“The institutions that have provided reverse mortgages in the past have given commitments that the existing contracts will be honoured. But at the moment, and with reverse mortgages having a variable interest rate, there is simply not sufficient margin for them.”
The IBISWorld report notes that industry reverse mortgage revenue declined at an annualised 4.9 per cent over the five years through to 2016-17, to total A$227.8 million. A further decline of 4.5 per cent is expected in 2017-18.
Kloot notes that those providers still in the market seem unwilling to advertise the product.
“There isn’t much in the way of brochures or information sheets,” she says. “You often have to go into the bank and inquire. But reverse mortgage products are occasionally mentioned in the personal finance sections of magazines and newspapers, so there is a continuing trickle of interest.”
CPA Q&A. Access a handpicked selection of resources each month and complete a short monthly assessment to earn CPD hours. Exclusively available to CPA Australia members.
The future for reverse mortgage loans
Despite the pullback by many providers, McGregor believes that the reverse mortgage segment will grow in the long term, as interest rates slowly rise and as the population ages.
Industry revenue is forecast to increase at an annualised 3.4 per cent over the five years through to 2021-22, to reach A$269.8 million.
“Reverse mortgages have a role to play,” he says. “But they need careful consideration, an understanding of the implications, and an eye to the repayment date. It’s the sort of product that requires solid professional advice.”
What retirees and their accountant need to consider from these three options
Option 1: Sell the house and downsize
- Will free up cash
- New legislation suggests retirees can put some of the surplus into superannuation
- If a newer home is purchased, maintenance costs may be reduced
Financial costs may include real estate commission and stamp duty, legal fees, bridging finance, moving costs and purchase of new furniture.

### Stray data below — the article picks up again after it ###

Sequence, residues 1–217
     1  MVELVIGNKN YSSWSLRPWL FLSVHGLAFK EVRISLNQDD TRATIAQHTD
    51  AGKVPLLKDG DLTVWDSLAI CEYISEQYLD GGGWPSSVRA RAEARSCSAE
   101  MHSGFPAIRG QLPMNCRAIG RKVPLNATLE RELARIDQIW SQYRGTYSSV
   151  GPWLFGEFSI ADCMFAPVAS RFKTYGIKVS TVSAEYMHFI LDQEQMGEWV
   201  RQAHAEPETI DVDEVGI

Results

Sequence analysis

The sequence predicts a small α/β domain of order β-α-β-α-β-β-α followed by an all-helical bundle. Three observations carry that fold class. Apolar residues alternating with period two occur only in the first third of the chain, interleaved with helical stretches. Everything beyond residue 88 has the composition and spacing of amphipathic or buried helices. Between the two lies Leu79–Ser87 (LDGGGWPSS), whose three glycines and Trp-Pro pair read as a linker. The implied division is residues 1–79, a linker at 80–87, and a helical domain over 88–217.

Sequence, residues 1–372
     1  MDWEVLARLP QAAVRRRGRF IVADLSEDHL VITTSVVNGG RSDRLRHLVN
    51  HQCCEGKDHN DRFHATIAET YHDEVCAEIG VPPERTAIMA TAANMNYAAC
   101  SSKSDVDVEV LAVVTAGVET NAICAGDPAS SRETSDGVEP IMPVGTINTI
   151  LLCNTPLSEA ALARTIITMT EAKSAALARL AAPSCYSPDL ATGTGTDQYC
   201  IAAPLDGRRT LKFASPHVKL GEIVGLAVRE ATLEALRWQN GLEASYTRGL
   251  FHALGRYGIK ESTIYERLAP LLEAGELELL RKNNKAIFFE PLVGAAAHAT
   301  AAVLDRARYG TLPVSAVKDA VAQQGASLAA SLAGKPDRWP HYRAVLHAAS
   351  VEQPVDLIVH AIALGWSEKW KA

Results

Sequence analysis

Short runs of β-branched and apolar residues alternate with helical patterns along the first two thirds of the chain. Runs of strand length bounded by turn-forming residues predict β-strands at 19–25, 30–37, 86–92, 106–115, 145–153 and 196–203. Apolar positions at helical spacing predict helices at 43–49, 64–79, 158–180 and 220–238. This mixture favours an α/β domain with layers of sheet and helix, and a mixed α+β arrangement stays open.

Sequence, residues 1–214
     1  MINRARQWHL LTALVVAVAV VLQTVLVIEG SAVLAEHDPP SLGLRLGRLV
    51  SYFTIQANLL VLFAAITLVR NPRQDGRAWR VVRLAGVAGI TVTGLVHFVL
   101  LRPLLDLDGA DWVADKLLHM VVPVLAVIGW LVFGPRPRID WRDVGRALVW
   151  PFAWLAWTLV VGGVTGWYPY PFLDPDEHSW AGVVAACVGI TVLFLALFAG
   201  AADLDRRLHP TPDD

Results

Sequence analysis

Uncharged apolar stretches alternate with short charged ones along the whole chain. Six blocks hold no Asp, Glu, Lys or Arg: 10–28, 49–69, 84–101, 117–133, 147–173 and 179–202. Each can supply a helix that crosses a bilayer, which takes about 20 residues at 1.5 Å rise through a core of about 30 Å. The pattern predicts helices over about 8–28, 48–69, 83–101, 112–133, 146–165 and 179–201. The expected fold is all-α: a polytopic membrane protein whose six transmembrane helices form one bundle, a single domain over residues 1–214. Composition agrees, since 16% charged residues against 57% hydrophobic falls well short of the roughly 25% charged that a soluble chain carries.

Emotional costs include the search for a new home, preparing a beloved family home for sale and leaving friends and support groups nearby.
Option 2: Sell share of house under an equity release scheme
This option allows the retiree to stay in the house until it is eventually sold, perhaps to enter aged care or on death. Any capital gain or loss is shared and the scheme reduces, or “discounts” the money received upfront, as in this example:
If the home is valued at A$600,000 and 50 per cent of the future value is sold, the seller may receive about A$105,000 – A$180,000 depending on age and life expectancy. The amount of the discount depends on many factors and the true cost of this option cannot be determined until the eventual sale of the property. The more the property grows in value, the more the retiree will end up foregoing.
Option 3: Reverse mortgage
As a general guide, for a 60-year-old, a maximum 15-20 per cent of the value of the home can be borrowed and usually 1 per cent is added for each year older than 60.
Costs may include:
- reduced access to money in future, particularly if needed for aged care
- higher interest rates than for a standard mortgage
- the longer the property is mortgaged, the higher the mortgage becomes
- monthly fees
Aged pension implications must be considered as a line of credit will have different consequences for the pension compared with a lump sum or a regular income stream/drawdown.
A reverse mortgage may be a smart way to quickly generate a Refundable Accommodation Bond while waiting for a sale of the family home when the owners needs to be quickly admitted to aged care.
Are annuities part of your retirement plan?